Here’s what this looks like. When in your shame you find yourself profoundly confused and uncertain and you don’t even know which way to turn or to whom or how then you recite the new language of verse 3. “For you are my rock and my fortress; for your name’s sake you lead me and guide me. God, I don’t know which way to turn but I’m trusting You will lead me in the middle of my confusion.” When in your shame you feel trapped and imprisoned and you feel like there’s no way out of this, then you rehearse the language of verse 8. “But you have set my feet in a broad place.” That’s the difference from clinging to a very narrow ledge on a cliff and wondering, “How do I get out of this?” and in contrast being in a broad meadow where you go, “Ahhhhh.” I love Eugene Peterson’s paraphrase of Psalm 62 where he says, “You, O LORD, have given me breathing room for my soul.” That’s the voice that you need to rehearse in response to the voice of shame that keeps you feeling trapped.

When in your shame you feel abandoned and you find yourself saying, with the psalmist in verse 22, “I am cut off from your sight. I don’t think God sees me. I don’t think He cares. I don’t think He even knows where I am.” When you find yourself saying what Jesus said on the cross, “My God, My God! Why have You forsaken Me?” then you rehearse the new language of verse 14 that says, “But I trust in you, O LORD. You are my God. I am Yours. You have made me Yours. I belong to You. You love me with an unfailing love.” That word, “unfailing love” in Hebrew is “hesed,” which Sally Lloyd-Jones in her Jesus Storybook Bible translates over and over again with these words – it is His “never stopping, never giving up, unbreaking, always and forever love.” You won’t get that language right, not at first, but start making mistakes but speak the words back to the lies that are crowding into your mind and clamoring for attention.

When you have failed so many times and the shame is so deep because you keep doing the same thing over and over and over again and you put your head in your hands and say, “How can I keep doing this?” And you fear that God looks at you and He says, “I’m so tired of this.” And He’s not going to reject you because He’s promised to always hold you and He’s promised to keep you, but you begin to fear He’s growing indifferent and maybe even a little resentful. And He’s saying, “Come on!” When you feel that in your shame, you rehearse the words of verse 19. You say, “Oh, how abundant is your goodness, which you have stored up for those who fear you and worked for those who take refuge in you, in the sight of the children of mankind!” God has got so much good stored up for you. He really does! And your shame is not going to be an obstacle to His saying, “I love you. I really am going to finish the good work that I’ve begun in you. Trust Me with this, would you?”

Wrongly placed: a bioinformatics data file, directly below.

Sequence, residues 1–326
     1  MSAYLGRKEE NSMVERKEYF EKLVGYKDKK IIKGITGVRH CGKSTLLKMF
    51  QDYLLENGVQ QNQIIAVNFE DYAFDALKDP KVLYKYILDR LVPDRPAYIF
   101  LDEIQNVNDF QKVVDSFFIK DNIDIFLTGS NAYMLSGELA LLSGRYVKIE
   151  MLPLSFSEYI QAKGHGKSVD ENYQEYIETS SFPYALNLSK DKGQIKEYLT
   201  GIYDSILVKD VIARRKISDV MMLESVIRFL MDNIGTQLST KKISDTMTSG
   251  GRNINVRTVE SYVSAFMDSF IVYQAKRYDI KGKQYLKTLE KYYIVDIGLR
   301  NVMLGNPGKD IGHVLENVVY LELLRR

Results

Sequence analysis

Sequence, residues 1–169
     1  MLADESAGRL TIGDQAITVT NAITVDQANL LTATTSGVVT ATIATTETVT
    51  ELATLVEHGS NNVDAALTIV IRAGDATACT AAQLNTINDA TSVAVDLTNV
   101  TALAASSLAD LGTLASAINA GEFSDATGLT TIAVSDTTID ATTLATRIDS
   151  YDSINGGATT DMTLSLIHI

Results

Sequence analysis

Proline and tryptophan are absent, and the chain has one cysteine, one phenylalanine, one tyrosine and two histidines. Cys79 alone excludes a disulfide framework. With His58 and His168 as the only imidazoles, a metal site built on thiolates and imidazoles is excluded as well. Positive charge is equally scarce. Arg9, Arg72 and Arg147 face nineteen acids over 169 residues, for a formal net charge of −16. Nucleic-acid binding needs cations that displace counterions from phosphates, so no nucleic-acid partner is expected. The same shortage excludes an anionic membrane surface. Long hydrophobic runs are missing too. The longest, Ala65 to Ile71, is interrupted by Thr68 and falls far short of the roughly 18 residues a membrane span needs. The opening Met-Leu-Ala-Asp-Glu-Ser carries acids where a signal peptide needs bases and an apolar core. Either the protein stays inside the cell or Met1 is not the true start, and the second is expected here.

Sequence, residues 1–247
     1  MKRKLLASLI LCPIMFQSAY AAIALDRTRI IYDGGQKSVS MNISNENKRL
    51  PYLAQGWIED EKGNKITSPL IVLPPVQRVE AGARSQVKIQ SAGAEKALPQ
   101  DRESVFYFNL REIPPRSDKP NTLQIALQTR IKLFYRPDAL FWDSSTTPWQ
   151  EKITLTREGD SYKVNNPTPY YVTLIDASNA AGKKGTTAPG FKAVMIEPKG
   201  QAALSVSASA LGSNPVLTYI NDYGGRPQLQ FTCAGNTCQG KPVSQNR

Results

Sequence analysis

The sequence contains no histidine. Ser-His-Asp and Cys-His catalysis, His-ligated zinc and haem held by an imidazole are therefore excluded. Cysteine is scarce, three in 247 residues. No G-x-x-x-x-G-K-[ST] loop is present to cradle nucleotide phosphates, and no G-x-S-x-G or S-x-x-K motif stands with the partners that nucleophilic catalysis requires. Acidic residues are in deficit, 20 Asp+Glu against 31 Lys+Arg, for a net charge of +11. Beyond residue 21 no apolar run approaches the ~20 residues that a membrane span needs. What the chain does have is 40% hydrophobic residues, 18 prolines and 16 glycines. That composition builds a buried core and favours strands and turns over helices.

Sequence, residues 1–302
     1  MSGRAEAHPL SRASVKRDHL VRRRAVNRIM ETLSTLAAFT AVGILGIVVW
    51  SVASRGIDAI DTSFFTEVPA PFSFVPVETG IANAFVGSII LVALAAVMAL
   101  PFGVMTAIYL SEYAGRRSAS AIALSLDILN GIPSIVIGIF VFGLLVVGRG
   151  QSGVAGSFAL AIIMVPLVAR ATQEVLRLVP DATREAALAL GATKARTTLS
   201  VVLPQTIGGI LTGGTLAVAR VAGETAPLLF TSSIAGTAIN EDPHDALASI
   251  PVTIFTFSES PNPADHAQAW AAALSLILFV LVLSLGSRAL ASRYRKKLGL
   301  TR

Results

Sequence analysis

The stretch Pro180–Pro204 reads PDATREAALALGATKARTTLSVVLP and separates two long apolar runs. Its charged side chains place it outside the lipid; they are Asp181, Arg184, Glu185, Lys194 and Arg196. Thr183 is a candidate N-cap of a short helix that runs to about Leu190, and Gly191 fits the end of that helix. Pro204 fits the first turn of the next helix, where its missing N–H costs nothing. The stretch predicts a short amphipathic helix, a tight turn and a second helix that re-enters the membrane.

And when the shame grows even deeper and your life feels absolutely out of control – it may be an addiction, it may be pattern behavior from which you feel like all you are is a victim and you’ve got no control, you’re nothing but vulnerable, then you rehearse the language of verse 15 where David says, “My times are in your hand; rescue me from the hand of my enemies and from the hand of my persecutors!” There is nothing that comes to you apart from that which goes through the hands of God. You think that you’re in the hands of an enemy; actually, there’s four times this psalm uses the word “hand.” Twice it talks about “Deliver me from the hand of my enemy. Rescue me from the hand of my enemy.” But then twice it says, “It’s Your hand, God. My times are in Your hand. My future is in Your hand. My experience is in Your hand. You hold me.” And then the words of Jesus on the cross, “Into Your hand I commit My Spirit.”